Lebogang Mamabolo a young man from Lebowakgomo needed to look for an alternative way to support himself after the death of his parents.

POLOKWANE – Studies show that most unemployed people are between the ages 18-35. Orphaned and abandoned youths often have to quit school and some even end up living on the street because they don’t have anyone to take care of them.

Lebogang Mamabolo is young man from Lebowakgomo who says after his parents died when he was young, his life took a turn for the worst. The death of his parents meant he not only had to quit school but also needed to look for an alternative way to support himself.

“I did not want to live a life of crime so I came to the city to wash cars. We don’t earn much but we earn enough to buy a few food items so that we don’t go hungry,” Lebogang explains.

According to the 23-year-old, he and a few others make between R30-R50 per car they wash, depending on the make and model. He says perhaps the biggest and worst misconception that people have is that he and his friends are homeless thieves.

“Not all of us steal to make a living. It is some who choose that lifestyle. And we are not street kids, there are some who decide not to go home every day and save money but that doesn’t mean we are all homeless,” he explains.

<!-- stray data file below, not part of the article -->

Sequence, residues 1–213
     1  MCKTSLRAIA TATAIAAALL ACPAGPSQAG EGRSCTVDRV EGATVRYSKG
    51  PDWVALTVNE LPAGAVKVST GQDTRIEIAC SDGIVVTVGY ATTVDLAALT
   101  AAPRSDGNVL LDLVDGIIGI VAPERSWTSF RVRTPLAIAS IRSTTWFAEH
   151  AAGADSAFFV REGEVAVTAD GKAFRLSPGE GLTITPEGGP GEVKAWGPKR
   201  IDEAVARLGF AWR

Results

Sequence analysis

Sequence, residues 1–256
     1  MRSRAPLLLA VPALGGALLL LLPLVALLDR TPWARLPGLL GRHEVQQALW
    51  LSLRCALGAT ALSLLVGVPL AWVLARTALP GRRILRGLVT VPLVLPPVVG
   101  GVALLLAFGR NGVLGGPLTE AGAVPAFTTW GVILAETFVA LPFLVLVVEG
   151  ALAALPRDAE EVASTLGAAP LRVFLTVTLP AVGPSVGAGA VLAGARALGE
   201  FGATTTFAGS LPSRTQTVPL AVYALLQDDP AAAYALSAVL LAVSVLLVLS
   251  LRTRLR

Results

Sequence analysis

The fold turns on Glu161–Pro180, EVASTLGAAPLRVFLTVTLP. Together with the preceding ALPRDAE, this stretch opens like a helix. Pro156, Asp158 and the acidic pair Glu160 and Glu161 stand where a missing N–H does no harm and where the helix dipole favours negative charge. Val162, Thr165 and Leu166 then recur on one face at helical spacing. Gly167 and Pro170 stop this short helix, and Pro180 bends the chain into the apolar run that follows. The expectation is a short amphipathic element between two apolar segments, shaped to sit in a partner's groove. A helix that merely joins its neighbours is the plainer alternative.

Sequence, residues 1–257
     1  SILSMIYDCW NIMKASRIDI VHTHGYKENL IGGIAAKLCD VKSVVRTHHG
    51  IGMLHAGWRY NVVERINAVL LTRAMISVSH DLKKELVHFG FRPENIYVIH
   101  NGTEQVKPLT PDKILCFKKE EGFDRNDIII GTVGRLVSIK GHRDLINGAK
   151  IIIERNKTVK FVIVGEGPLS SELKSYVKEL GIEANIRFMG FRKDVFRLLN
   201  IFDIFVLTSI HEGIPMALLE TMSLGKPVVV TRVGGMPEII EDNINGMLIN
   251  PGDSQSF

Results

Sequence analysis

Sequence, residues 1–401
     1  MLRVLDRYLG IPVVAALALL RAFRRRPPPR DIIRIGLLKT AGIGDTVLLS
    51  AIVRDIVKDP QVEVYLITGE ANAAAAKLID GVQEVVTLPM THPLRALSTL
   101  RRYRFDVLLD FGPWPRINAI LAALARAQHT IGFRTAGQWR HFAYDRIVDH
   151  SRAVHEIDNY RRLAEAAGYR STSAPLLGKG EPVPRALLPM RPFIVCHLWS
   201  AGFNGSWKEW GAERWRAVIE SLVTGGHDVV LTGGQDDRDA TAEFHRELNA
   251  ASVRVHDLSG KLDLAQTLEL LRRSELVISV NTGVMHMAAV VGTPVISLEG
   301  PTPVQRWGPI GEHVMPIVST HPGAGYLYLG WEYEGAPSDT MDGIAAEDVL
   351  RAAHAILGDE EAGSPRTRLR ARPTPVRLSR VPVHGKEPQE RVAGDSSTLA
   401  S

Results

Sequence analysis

Lebogang is not the only young man in the city who has found unique ways to fight poverty and unemployment. Another young man, Thabiso Rakgoale is a taxi marshal, someone who ushers people into taxis and private cars. They assist people who hike to Hammanskraal, Johannesburg or Pretoria.

“We don’t usually make a lot of money. We make up to R50 a day depending on how much we are given when we bring people to those taxis or cars. It is tough because there are a lot of us here and sometimes people leave without giving us money,” Thabiso explains.

Lebogang and Thabiso are just a few of the many unemployed youths who have come up with unique ways to earn an income in an unforgiving environment.